By Richard Lenti
In what could be seen as a wake-up call for parents everywhere, a new study reports that nearly one out of three underage girls say they’ve gotten together with someone they first met online, without really knowing for certain who they were.
Published in the journal Pediatrics, the study from Cincinnati Children’s Hospital Medical Center found that 30 percent of teenagers reported having offline meetings with people they met on the Internet and whose identity had not been fully confirmed prior to the meeting.
“These meetings may have been benign, but for an adolescent girl to do it is dangerous,” said Jennie Noll, PhD, a psychologist at Cincinnati Children’s Hospital Medical Center and the study’s lead author. “Many adolescents do not possess the necessary skills to ward off sexual advances whether online or in person.”
More disturbing, researchers found that abused or neglected teenage girls were more likely to present
themselves online in a sexually provocative way than other teenage girls. And those high-risk, online profiles were more likely to lead to offline meetings.
“If someone is looking for a vulnerable teen to start an online sexual discourse, they will more likely target someone who presents herself provocatively,” said Dr. Noll. “Maltreatment poses a unique risk for online behavior that may set the stage for harm.”
Researchers studied 251 adolescent girls between the ages of 14 and 17 over the course of 12 to 16 months. About half were victims of abuse or neglect; the same amount was from single-parent households.
At the start of the study, parents were asked about adolescent behavior and on the level of Internet monitoring in the home.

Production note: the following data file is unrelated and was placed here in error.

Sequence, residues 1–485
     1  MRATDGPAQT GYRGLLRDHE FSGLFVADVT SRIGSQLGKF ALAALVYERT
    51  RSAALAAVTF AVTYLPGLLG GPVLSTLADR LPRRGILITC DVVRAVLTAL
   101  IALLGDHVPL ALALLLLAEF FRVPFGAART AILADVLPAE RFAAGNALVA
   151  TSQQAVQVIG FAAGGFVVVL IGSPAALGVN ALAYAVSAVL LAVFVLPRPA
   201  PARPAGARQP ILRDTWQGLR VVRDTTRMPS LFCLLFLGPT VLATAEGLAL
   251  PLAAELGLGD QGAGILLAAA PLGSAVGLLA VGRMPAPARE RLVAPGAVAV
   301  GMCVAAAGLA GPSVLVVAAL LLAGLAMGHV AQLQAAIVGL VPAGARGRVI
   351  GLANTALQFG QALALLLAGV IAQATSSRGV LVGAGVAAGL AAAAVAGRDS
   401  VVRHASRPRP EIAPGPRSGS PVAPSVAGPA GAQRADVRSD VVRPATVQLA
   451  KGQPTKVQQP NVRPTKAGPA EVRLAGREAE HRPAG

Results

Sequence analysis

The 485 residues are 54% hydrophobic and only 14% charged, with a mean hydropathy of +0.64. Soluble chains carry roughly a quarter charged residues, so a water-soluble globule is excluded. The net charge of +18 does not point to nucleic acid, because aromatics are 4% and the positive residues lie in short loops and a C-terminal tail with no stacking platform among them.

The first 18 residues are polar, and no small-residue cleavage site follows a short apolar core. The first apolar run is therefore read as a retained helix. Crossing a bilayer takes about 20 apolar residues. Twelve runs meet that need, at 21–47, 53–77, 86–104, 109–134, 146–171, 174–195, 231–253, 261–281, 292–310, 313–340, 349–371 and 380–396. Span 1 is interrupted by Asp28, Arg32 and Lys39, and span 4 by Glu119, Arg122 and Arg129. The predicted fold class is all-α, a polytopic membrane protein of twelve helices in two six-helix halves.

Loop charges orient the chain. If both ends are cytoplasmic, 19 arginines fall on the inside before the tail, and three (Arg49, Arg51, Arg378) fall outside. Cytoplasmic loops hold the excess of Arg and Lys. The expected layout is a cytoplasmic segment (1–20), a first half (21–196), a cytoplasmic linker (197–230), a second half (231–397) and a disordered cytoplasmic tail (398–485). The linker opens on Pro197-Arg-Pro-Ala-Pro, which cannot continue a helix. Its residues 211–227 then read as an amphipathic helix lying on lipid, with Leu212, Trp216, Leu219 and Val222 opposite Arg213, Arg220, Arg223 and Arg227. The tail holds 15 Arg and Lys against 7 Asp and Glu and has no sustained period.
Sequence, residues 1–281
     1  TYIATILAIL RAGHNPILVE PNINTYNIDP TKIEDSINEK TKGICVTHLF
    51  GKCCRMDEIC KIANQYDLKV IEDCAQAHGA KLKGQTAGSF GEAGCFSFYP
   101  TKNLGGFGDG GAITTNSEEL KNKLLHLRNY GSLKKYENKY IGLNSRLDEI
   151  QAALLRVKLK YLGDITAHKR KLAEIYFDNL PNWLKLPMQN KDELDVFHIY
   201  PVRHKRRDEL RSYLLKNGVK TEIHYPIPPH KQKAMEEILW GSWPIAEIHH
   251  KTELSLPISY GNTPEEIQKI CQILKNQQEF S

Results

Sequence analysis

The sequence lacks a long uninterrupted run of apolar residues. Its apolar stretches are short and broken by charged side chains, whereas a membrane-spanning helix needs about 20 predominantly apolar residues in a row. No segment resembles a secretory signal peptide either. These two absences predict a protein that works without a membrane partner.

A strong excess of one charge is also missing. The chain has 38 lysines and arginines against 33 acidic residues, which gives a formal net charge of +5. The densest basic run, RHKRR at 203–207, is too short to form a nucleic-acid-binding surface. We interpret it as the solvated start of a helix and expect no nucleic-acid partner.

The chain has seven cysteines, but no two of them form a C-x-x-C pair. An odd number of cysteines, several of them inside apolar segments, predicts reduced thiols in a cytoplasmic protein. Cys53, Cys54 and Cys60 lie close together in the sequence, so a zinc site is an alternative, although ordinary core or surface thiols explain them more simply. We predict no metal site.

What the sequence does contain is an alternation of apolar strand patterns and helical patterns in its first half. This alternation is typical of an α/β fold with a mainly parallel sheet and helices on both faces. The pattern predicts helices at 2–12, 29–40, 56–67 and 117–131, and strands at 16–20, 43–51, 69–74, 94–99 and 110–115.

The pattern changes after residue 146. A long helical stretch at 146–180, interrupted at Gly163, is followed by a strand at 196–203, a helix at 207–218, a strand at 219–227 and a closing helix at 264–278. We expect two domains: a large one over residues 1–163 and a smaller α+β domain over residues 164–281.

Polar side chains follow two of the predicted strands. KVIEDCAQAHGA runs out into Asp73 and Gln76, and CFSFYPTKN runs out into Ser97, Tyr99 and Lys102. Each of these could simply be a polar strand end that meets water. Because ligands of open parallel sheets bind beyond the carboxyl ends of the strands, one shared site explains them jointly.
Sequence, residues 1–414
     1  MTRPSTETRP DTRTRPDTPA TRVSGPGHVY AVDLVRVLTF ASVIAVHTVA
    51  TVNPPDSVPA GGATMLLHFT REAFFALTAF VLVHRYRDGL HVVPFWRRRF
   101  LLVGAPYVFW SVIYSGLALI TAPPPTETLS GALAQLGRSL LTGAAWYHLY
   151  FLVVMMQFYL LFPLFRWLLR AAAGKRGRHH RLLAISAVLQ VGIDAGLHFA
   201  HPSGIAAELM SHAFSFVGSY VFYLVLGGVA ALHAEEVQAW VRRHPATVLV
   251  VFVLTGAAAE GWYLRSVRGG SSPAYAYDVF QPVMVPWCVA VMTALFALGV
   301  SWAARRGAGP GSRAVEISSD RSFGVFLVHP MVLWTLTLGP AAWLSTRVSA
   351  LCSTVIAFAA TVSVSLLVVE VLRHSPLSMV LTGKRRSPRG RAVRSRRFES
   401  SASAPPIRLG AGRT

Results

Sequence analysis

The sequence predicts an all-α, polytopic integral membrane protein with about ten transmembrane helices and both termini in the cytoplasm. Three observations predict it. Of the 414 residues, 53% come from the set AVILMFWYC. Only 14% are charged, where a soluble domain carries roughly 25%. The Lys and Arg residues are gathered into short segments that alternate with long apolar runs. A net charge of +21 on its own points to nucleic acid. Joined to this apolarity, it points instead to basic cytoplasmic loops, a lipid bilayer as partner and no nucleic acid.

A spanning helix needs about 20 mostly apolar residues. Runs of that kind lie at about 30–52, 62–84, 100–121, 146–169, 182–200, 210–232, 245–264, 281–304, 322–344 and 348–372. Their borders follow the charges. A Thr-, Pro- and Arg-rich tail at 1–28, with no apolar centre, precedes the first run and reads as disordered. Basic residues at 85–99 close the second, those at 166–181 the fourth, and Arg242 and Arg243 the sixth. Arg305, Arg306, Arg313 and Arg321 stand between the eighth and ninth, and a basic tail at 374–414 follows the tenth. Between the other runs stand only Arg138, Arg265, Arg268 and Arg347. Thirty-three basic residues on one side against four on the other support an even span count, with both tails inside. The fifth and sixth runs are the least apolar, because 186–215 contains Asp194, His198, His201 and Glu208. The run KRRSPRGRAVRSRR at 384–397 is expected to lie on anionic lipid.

To maximize anonymity, researchers used a computer survey to assess the teens’ Internet use and behaviors, sexual attitudes and activities, alcohol and substance use, parenting quality, and depressive symptoms.
Social networking preferences were recorded and profiles were coded for behaviors that included intentionally seeking adult content, provocative self-presentations on social networking sites and receiving sexual advances online.
Researchers found that if a parent’s involvement was limited to installing Internet filtering software at home, it made no difference in the association between maltreatment and high-risk Internet behaviors.
On the other hand, Dr. Knoll said that “high quality parenting” and parental monitoring helped reduce the association between adolescent risk factors and those online behaviors.
National surveys indicate that 95% of American adolescents aged 12 to 17 have access to the Internet, and 80% use social networking sites such as MySpace or Facebook.
“Social networking sites can provide valuable opportunities for adolescents to explore novel aspects of social discourse and expand social contexts,” writes Dr. Knoll.
Because these sites allow adolescents to post personal photos and autobiographic information, some will post provocative images or use sexual language that can inadvertently signal an interest in sex.
That, Dr. Knoll notes, is when parental involvement, along with education, makes all the difference.
She stresses that Internet safety and sex education programs need to highlight the implications for provocative self-presentations, offer skills for handling sexual solicitations, and recommend ways to protect adolescents whose parents are not Internet savvy or who are otherwise uninvolved.
“Parents should be encouraged to use tools that go beyond simply installing filtering device,” writes Knoll. “Such tools include engendering open lines of communication with regard to online and offline practices and targeting problem behaviors that can lead to Internet risk behaviors.”
“In this way, parents and adolescents can work together to promote the safe and optimal use of the Internet.”
A recent poll found that nearly 30 percent of teens also admitted to sexting — having sent a nude photo of themselves to someone. Researchers at the University of Texas Medical Branch at Galveston report that teen girls who sext are more likely to engage in risky sexual behavior than their male counterparts.